What did CAPP and PREP providers think about the 2019 BWIAH Provider Meeting?

We crunched the numbers on your evaluation of the 2019 BWIAH Provider Meeting. Here’s what the 50+ CAPP and PREP providers who answered these questions had to say:

You were kind to us about registration.

We didn’t need evaluations to know that the registration process needs a new approach – but you were remarkably tolerant!

You liked the Albany Capital Center.

94% of those who answered this question agreed that the Albany Capital Center worked well as the event venue. There was one caveat that was probably mentioned more than any other comment: it was too cold. A few people who were unable to stay nearby missed the convenience of having it at a hotel or at least having the event within walking distance. The inexpensive parking was appreciated.

You were happy that food was provided this year, though it should have included protein options at breakfast, coffee and tea in the afternoon, and water in each room.

Structure & Timing

While some loved the start and end times, others did not. Some of you would lengthen the event overall while others would shorten it; some wanted longer workshops and others wanted shorter ones.

But certain messages came through clearly: Build in more breaks! Having two working lunches was really too much, and Day One was long and packed. The networking reception was a highlight for many participants, but it came at the end of a long day. Many of you would have liked more time for networking.

Content

  • We heard many positive comments on the keynotes—particularly Amy Cunningham’s talk on self-care. Some did not like the political slant of Loretta Ross’s presentation, but overall, most of you were happy with the keynotes.
  • Workshops could have been more interactive – there was too much sitting. Many people were happy with the range of topics, and many of the workshops got high marks.
  • The CAPP and PREP provider group meeting was another highlight. Many of you loved the discussion and would have liked to have more of it.

Let’s cut to the chase. Was it a good use of your time?

YES. The vast majority of those who responded to this question
– 98% – agreed that it was time well spent. One person was neutral and several people who completed other questions skipped this one. Either they were unsure or just didn’t want to hurt our feelings!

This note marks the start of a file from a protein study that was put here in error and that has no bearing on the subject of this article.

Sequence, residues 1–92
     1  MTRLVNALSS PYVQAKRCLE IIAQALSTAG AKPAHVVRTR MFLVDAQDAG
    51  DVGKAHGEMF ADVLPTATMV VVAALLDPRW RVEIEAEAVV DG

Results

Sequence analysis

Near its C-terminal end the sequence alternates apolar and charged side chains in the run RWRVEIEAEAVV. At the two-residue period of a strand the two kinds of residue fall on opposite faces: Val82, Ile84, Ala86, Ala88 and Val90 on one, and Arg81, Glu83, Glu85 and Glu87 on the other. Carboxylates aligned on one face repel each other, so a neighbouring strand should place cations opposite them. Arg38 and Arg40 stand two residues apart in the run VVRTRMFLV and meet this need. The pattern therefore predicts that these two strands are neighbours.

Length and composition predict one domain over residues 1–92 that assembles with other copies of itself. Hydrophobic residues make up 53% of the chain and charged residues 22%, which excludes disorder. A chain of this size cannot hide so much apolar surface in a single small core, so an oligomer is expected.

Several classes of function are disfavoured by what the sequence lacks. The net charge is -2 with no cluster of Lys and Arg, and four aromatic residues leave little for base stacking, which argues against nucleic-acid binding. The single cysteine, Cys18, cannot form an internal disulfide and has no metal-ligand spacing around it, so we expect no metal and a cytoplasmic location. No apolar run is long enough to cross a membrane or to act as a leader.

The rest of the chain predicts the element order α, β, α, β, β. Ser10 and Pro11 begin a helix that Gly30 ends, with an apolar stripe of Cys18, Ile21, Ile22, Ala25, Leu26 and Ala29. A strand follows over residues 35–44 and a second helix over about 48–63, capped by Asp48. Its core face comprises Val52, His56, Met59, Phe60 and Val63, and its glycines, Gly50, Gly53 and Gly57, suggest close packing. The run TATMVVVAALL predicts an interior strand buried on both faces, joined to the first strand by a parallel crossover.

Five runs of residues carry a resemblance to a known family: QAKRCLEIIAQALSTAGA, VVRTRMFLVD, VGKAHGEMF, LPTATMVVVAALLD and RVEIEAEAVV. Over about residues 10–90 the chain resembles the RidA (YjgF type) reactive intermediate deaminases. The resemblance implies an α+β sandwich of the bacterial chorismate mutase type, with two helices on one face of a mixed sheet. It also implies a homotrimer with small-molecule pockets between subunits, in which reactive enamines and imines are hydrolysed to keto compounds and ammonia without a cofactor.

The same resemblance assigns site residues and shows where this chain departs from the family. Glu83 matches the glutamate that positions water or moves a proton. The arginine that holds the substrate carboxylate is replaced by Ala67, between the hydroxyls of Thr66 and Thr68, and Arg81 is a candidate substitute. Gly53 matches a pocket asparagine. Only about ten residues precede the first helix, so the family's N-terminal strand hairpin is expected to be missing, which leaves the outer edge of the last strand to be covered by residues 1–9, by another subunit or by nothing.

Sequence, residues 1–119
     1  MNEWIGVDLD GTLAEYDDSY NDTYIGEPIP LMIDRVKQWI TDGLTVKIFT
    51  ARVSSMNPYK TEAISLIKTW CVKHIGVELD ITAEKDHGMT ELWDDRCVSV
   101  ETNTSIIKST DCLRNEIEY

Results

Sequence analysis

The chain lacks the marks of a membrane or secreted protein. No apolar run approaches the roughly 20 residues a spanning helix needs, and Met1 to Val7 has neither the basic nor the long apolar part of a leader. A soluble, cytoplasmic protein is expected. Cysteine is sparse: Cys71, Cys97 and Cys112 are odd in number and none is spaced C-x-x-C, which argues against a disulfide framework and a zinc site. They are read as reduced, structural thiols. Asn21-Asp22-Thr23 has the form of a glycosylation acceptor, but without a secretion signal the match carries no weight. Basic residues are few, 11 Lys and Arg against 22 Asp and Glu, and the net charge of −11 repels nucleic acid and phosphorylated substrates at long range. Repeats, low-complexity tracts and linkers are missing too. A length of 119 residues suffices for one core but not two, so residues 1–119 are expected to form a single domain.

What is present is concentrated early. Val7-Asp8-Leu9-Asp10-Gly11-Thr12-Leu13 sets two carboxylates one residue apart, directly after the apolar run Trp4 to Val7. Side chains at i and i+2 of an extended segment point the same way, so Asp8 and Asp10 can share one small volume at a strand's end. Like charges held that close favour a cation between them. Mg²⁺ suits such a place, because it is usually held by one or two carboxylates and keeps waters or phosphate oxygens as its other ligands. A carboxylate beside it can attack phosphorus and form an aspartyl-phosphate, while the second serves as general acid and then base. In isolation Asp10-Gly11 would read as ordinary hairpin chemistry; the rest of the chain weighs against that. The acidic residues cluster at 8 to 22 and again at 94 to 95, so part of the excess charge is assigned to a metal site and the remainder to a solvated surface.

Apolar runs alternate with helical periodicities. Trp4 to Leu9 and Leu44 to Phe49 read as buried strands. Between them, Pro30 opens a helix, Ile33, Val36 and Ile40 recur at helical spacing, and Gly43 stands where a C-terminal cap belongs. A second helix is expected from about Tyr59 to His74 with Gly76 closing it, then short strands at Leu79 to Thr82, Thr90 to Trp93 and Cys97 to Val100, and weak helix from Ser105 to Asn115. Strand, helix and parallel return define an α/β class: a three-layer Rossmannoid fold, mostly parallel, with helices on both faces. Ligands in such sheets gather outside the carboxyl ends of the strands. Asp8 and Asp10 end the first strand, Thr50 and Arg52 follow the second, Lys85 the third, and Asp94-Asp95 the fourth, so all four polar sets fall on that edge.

It makes a difference!

We anticipate being able to offer another Provider Meeting in 2020 or 2021. Rest assured your feedback is already helping us make changes for the next event. Our thanks go to everyone who took the time to complete the evaluations—it DOES make a difference!

If you have anything to add about the 2019 Provider Meeting or the kind of event you would like to see in the future, please let us know in the comments!

Karen Schantz

~ Karen

Educators: How confident are you with sex ed content?

How much do you know about the menstrual cycle and fertility? How about the way different contraceptives work? Do you know how the major STDs affect the body? Can you explain the difference between sex and gender? Many CAPP and PREP projects are based in organizations that do not specialize in human sexuality. If you are not sure that you could comfortably and confidently answer a wide range of questions on sexual health, you may want to take advantage of the many resources available for your professional development.

Assessment

Self-assessment is an excellent place to start. Healthy Teen Network has developed a self-assessment tool (PDF) for sexual health educators, much of it focused on content. Rate yourself so that you have a good sense of where your weaker areas are – the content areas where you could use a booster.

In-Person Training

Planned Parenthood of NYC Training Institute
A wide variety of topics are offered in PPNYC’s Training Institute. Continuing education contact hours, including Certified Health Education Specialist (CHES) contact hours, are available at no additional cost. Your local Planned Parenthood affiliate may also be able to provide in-service training.

National Sex Ed Conference
Sponsored by the Center for Sex Education, this annual conference offers workshops for new and seasoned sex education professionals. (Were you there last week? Tell us how it was!)

CAI (Cicatelli Associates Inc.)
CAI is a training center for NYS DOH AIDS Institute.

Online Training and Webinars

Answer (Rutgers University)
Answer offers online training and capacity building for sex education professionals, including topics such as “Sexuality ABCs” and “Sexual Anatomy and Response,” among many others.

CAPP and PREP Webinars
Find recorded webinars here. Remember to check the CAPP and PREP Training Calendar for upcoming webinars.

Cardea eLearning Courses
While Cardea’s online courses are primarily for clinicians, educators may find value in courses such as “Family Planning Basics,” “Gender Diversity 101,” and “STD 101.”

Office of Adolescent Health: Online Learning Modules
OAH offers several online learning opportunities for organizations in the teen pregnancy prevention and expecting and parenting teen fields, including “Talking with Teens about Reproductive Health” and “Adolescent Development.”

Brushing Up: Brief Reading and Videos

For a more comprehensive list, download the Directory of Professional Development Opportunities in Sexuality Education (Word) from Future of Sex Ed.

Recommendations?

If you have resources to suggest, please comment (or you can email me directly at ks548@cornell.edu).

 

Karen Schantz   – Karen

Farewell, Beth